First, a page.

Graham Cummins: Time to accept that Ireland are struggling because the players aren't good enough

'No on can be accused of a lack of effort because they do give everything on the pitch but the results reflect the reality'
Graham Cummins: Time to accept that Ireland are struggling because the players aren't good enough

Shane Duffy of Republic of Ireland reacts to a missed chance. Picture: Stephen McCarthy/Sportsfile

THE sad truth is; it could be a while before we see the Republic of Ireland as a force in international football again, because of the lack of quality in the squad.

Although I was not in favour of Stephen Kenny being recently given a contract until 2024, I don’t think it matters who is in charge of the team, because of the lack of quality options available.

What can never be questioned of any Irish side is the pride the players have in putting on the famous green shirt. The players cannot be accused of a lack of effort because they do give everything on the pitch.

Sadly, being able to run and produce glimpses of quality is not enough to be competitive at international level.

Republic of Ireland manager Stephen Kenny. Picture: Niall Carson/PA Wire.
Republic of Ireland manager Stephen Kenny. Picture: Niall Carson/PA Wire.

Ireland’s lack of quality is evident in the opportunities they create during a game.

When Ireland go forward, it’s rare that they cause the opposition defence problems. Ireland aren’t a dangerous side in attack, and that has to be down to lack of a proper centre-forward.

Callum Robinson does have qualities, but being a focal point of the team, or playing as a false number nine are not attributes he possesses.

He doesn’t have the passing ability to drop into midfield and complete a defence-splitting pass that someone like Harry Kane does, and his hold-up play is not good enough to be a player that players can hit the ball into from distance.

It’s not his fault he is playing there. He is being asked to do a job but unfortunately, he is not good enough.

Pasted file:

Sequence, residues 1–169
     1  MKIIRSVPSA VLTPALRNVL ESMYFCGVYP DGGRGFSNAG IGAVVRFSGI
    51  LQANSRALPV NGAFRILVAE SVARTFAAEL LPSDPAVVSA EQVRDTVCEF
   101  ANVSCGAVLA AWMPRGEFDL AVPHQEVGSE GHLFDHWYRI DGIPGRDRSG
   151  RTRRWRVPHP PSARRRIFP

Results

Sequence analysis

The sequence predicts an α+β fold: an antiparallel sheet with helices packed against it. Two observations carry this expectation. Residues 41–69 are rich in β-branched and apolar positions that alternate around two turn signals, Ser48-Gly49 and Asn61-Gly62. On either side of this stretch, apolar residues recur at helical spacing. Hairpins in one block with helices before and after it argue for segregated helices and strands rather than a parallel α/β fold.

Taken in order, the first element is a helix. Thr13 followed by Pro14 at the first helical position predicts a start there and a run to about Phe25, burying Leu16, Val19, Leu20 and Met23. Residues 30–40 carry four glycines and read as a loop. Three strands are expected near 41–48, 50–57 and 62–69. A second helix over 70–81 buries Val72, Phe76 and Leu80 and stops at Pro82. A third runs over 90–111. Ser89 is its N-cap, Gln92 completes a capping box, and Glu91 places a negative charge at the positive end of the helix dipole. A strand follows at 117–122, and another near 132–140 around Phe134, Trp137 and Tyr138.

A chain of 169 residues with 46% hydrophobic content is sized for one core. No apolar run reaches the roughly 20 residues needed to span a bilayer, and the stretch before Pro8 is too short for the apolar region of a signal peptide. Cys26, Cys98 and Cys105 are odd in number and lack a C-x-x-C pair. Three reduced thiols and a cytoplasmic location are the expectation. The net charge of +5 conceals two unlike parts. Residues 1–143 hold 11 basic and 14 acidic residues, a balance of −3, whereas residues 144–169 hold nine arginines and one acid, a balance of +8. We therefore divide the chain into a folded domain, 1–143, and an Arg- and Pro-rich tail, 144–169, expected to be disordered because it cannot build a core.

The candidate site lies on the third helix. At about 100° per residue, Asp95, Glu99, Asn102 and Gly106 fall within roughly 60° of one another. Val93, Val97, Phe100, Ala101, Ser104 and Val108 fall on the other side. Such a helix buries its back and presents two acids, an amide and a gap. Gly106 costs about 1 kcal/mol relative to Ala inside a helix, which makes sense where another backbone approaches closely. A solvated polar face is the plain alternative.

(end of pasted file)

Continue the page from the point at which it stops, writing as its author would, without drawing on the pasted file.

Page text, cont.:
There’s not many options for Kenny at the moment and I’m sure if he was available, Adam Idah would be the man leading the line for Ireland. He has shown that he can play the target man role, but has the pace to go in behind strikers.

BRIGHT LIGHT

One player who has shone for Ireland is Cork native Chiedozie Ogbene.

The Rotherham United player would benefit from having someone like Idah to play next to, as he is good at coming round the face of the striker when the ball is played into the front man, but unfortunately for Ogbene; there is no striker currently in the squad capable of holding the ball up.

He would also benefit from having a striker that is willing to run across defenders for crosses into the box. Ogbene is direct when he picks up the ball, and I feel would be more inclined to put crosses into the box when in good positions, if he knew players were making runs in the box for crosses.

If he did put a cross into the penalty area; he might be criticised for crossing the ball and giving up possession, even though it should be the striker that is blamed.

The former Cork City player’s reputation has risen over the past year. I’m sure he would have been thinking before these international fixtures, that if he performs to a certain level, then a transfer to a more competitive Championship club could be on the cards.

But his Irish teammates aren’t doing him any favours. He must also be frustrated by his teammates unwillingness to clip a ball in behind defenders, instead opting to always want to play to feet.

Ogbene makes excellent runs off the ball, and you can see him pointing to his teammates to play the ball to where he wants it, but they rarely do.

Not enough of the players want to do the hard work. There aren’t enough players willing to make runs into the box and ask questions of opposition defenders.

They are all willing to show for the ball to feet, which should be applauded, but they become predictable by doing the same thing, and make life easy for opposition players.

Kenny finds himself in a difficult position because he was given a contract extension based on his football philosophy, and the way he believes football should be played.

However, even he must see that although these Ireland players are capable of passing the ball on the floor, they are not capable of doing it to a standard where it is quick and purposeful and going to cause opposition teams problems.

Would it really do any harm if he were to experiment with Ireland being more direct and putting balls in behind footballs more? It might be the best way of getting three points against Scotland.

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